Five Films for That Thanksgiving Feeling

A friend recently said, “Thanksgiving is the appetizer of the holidays.” I tend to agree, and these five films will definitely give you an appetite for the Thanksgiving holiday. I once asked for a Thanksgiving dinner for my birthday and it was not disappointing. Now, Thanksgiving isn’t just about the food, it’s also about family, tradition, being thankful and … the food. Hopefully you will agree that these films help give you the holiday feeling.

A Charlie Brown Thanksgiving (1973)

Short and sweet, this 30-minute TV movie is definitely a must-see for every Thanksgiving season. There’s a Charlie Brown movie for just about every holiday and like I said, tradition is one of the key elements of Thanksgiving. Charlie Brown has the dilemma that he has unexpected guests coming for an impromptu dinner. Of course, it’s Snoopy that brings the gang together by making a dinner that only a dog would enjoy. Since no one wants what Snoopy made, Charlie Brown feels a little defeated. However, Thanksgiving is saved when everyone piles in the car and goes to Charlie’s grandmothers for dinner. Just a little fun story to start out the Thanksgiving feeling.

The Addams Family Values (1993)

Not exactly a Thanksgiving film, since it takes place in the summer, but it’s the play done by the kids at summer camp that make me think of this movie each Thanksgiving season. The campers are recreating the first Thanksgiving, which is weird to do in the middle of the summer. Nothing really makes sense in the world of the Addams’ though. Wednesday Addams has the right idea with her speech and the domination over the counselors and other campers as the Native Americans. It really puts me in the Thanksgiving mood.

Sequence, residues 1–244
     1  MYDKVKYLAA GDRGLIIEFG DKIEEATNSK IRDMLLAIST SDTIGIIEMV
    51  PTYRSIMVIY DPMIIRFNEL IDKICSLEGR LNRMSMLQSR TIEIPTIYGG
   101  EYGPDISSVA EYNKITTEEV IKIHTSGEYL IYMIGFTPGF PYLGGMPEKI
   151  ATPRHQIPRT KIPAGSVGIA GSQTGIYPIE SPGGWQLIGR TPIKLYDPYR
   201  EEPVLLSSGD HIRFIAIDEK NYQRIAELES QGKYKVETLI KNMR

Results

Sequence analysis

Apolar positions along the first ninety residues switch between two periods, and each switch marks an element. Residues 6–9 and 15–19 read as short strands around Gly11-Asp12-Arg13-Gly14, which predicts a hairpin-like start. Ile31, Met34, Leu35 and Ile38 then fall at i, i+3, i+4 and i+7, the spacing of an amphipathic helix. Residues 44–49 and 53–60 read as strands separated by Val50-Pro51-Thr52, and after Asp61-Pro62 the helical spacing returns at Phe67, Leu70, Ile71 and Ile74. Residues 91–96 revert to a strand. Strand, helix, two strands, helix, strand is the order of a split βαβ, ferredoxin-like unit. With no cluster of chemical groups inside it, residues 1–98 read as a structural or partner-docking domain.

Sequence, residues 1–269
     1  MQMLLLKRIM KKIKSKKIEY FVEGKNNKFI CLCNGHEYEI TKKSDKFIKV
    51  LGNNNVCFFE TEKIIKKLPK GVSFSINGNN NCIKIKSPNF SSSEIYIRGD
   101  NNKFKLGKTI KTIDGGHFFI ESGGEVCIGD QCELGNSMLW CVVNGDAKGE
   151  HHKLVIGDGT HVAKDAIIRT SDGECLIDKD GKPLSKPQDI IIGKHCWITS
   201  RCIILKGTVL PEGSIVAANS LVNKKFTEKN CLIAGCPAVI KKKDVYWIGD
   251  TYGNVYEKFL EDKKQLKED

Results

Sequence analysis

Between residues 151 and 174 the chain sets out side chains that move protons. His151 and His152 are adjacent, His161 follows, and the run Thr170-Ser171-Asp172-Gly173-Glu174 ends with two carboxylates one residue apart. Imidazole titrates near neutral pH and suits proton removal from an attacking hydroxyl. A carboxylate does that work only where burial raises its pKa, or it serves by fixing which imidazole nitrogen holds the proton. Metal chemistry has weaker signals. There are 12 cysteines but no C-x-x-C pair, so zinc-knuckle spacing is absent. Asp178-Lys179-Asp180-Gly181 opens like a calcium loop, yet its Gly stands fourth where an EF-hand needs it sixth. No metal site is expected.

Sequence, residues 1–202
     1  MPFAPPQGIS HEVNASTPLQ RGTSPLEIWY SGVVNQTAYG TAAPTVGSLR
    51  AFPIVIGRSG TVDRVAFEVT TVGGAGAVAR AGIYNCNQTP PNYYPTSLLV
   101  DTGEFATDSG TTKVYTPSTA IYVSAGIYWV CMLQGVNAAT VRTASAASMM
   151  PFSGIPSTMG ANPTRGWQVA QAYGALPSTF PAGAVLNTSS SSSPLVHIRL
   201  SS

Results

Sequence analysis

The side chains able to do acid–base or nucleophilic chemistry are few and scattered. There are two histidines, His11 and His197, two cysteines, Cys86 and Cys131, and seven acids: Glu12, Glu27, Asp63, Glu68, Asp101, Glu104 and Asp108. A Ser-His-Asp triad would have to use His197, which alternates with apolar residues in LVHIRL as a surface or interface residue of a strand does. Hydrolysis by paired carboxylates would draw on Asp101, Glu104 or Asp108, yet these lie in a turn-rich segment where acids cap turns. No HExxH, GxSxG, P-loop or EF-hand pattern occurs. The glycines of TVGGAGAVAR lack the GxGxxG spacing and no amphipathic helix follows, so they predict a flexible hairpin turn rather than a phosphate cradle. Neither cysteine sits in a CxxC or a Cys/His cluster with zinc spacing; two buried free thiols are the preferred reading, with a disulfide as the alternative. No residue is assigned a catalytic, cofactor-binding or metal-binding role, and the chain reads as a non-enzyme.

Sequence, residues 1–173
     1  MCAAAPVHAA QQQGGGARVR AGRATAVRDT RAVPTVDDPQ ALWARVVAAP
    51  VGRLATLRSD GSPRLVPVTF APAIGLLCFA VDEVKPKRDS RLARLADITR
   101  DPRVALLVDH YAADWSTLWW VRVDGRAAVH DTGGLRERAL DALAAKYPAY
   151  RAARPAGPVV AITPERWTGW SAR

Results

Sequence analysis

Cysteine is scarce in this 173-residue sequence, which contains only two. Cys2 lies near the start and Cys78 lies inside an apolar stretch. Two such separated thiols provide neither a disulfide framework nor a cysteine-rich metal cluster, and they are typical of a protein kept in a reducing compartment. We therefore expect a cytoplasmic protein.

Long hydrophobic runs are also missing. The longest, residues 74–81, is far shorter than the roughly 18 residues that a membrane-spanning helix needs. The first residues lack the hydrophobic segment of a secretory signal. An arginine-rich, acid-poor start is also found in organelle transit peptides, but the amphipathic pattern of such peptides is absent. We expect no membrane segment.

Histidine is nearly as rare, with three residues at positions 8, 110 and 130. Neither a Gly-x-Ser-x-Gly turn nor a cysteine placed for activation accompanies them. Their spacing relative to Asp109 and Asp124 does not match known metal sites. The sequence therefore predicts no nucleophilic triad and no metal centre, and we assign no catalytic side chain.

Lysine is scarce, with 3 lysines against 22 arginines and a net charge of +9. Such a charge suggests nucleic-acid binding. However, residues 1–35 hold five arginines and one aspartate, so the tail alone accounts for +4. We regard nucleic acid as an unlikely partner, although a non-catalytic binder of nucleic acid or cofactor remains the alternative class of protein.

Free Birds (2013)

I really loved this movie. Time traveling turkeys going to stop the first Thanksgiving. It’s animated movies like this that I find amusing. Two turkeys steal a time machine from the government in order to stop the first Thanksgiving. The idea is just absurd, since today’s turkeys are apparently quite stupid, according to the movie. Despite the pilgrims trying to kill the turkeys the entire time, they come together in the end, proving that the spirit of Thanksgiving is truly meant to be shared with everyone.

Son in Law (1993)

Speaking of the spirit of Thanksgiving, this movie is filled with it. Thanksgiving is about the coming together of different cultures, and Pauly Shore in South Dakota is exactly that. Imagine a California-stoner-type on a ranch, it just doesn’t make any sense. In my Thanksgiving opinion, it is fate that brings “Crawl” to South Dakota in order to show that just about anyone can get along, and not just during the holidays. This movie comes to mind first and foremost when I want to watch a Thanksgiving film. I think it’s something the whole family can enjoy. Although, some people today might not get a lot of the cultural references from the early 90‘s.

Planes, Trains & Automobiles (1987)

An oldie, but a goodie. Nay, a greatie. A true classic for Thanksgiving, Planes, Trains & Automobiles is also about the coming together of different “cultures.” Steve Martin is known for his “asshole” characters, and this movie is no different. It’s kind of his own stereotype. John Candy is hilarious as always. Their two characters clash hysterically throughout the film, but of course with the spirit of the season, they form an unbreakable bond, a true friendship that might baffle anyone who didn’t know their journey. It’s older movies like this one that make me wish movies today could be more like back then. I’m sure people could argue that they’re better now than they were then, but I tend to disagree. Comedy has changed, in my opinion, but a duo such as Steve Martin and John Candy are as quintessential as they come. Not exactly family-friendly, with cursing and sexual insinuations, this is something to watch after the kids have passed out from eating too much turkey.

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